The Giant 10-Million-Year-Old Fossil Tree in Peru Reveals Surprises About Ancient History

The Giant 10-Million-Year-Old Fossil Tree in Peru Reveals Surprises About Ancient History

The Giant 10-Million-Year-Old Fossil Tree in Peru Reveals Surprises About Ancient History

A giant tree fossil discovered in Peru has provided researchers with a new image of how the environment has evolved over the past 10 million years in the Andes mountains.

Left to right: Florentino Tunquipa who discovered and excavated the fossil tree on his land

Researchers from the Smithsonian Tropical Research Institute (STRI) found the fossil buried in a cold, grassy plain during an expedition to the Central Andean Plateau.

Details of dramatic changes in the environment of the Andes mountains are contained in the plant fossil record from this high altitude site in southern Peru.

The team found that the environment in the mountains was more humid than existing climate model predictions they would have been 10 million years ago.  

The anatomy of the petrified wood the researchers found is very much like the anatomy of wood found in low-elevation tropical forests today. 

Paleontologist Edwin Cadena poses next to giant, fossilized (permineralized) tree on Peruvian Central Plateau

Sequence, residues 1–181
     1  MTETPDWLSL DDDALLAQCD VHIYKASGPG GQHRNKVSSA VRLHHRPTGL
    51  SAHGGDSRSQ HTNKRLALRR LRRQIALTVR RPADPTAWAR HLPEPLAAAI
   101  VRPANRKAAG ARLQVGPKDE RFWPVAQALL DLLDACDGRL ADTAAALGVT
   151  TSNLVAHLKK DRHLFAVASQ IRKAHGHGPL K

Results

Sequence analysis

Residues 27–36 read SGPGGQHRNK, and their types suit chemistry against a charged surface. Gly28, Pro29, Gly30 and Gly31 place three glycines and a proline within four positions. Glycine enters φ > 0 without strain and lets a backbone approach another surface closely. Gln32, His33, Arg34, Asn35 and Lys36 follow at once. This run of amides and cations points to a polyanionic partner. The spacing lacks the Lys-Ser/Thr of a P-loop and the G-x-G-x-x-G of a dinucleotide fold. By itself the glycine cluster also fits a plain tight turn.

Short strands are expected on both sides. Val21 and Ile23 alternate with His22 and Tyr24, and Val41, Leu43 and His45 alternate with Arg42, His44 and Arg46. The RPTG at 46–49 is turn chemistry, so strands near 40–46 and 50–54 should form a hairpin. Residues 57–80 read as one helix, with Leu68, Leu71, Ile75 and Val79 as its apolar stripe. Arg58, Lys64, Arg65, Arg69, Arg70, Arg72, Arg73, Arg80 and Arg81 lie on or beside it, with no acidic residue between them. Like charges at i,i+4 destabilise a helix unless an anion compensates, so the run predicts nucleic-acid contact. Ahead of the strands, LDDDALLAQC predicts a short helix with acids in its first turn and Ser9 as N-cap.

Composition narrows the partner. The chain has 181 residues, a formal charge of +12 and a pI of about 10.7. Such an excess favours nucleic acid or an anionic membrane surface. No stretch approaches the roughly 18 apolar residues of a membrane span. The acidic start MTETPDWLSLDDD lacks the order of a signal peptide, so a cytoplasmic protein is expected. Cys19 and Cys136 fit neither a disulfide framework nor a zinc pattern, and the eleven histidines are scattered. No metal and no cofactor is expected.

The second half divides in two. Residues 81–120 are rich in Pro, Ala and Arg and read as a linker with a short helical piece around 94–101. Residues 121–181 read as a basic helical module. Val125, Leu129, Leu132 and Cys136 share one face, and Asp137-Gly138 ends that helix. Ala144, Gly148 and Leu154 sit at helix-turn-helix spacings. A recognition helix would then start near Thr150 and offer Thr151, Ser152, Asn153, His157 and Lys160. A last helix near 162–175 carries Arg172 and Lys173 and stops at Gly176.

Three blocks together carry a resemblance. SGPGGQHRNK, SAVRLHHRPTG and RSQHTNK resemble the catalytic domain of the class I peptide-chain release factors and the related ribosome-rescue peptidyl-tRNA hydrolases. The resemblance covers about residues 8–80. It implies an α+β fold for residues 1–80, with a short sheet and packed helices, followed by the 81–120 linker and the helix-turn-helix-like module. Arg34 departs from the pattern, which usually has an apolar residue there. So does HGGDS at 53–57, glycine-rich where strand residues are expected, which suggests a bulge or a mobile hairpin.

But that ecosystem did not last for long. Today, the tree fossil sits amid an arid, intermountain plateau that lies at 13,123 feet above sea level. 

At the time the tree probably sat at an altitude of 6,560 feet above sea level. 

‘This tree and the hundreds of fossil wood, leaf and pollen samples, reveal that when these plants were alive the ecosystem was more humid – even more humid than climate models of the past predicted,’ said Camila Martinez, a fellow at STRI. 

‘There is probably no comparable modern ecosystem, because temperatures were higher when these fossils were deposited 10 million years ago.’

Five million year-old fossils from the same sites confirmed that the Puna ecosystem that now dominates the Andes’ high mountain plateaus had been born: the younger pollen samples were mostly from grasses and herbs, rather than from trees. 

Leaf material was from ferns, herbs and shrubs, indicating that the plateau had already risen to its current altitude.

‘The fossil record in the region tells us two things: both the altitude and the vegetation changed dramatically over a relatively short period of time,’ said Carlos Jaramillo, STRI staff scientist and project leader.

He says this supports a hypothesis that suggests the tectonic uplift of this region occurred in rapid pulses.

‘Andean uplift played an important role in shaping the climate of South America, but the relationship between the rise of the Andes, local climates and vegetation is still not well understood,’ Martinez said. 

‘By the end of this century, changes in temperature and atmospheric carbon dioxide concentrations will again approximate the conditions 10 million years ago.’

Understanding the discrepancies between climate models and data based on the fossil record help us to elucidate the driving forces controlling the current climate of the Altiplano, and, ultimately, the climate across the South American continent.

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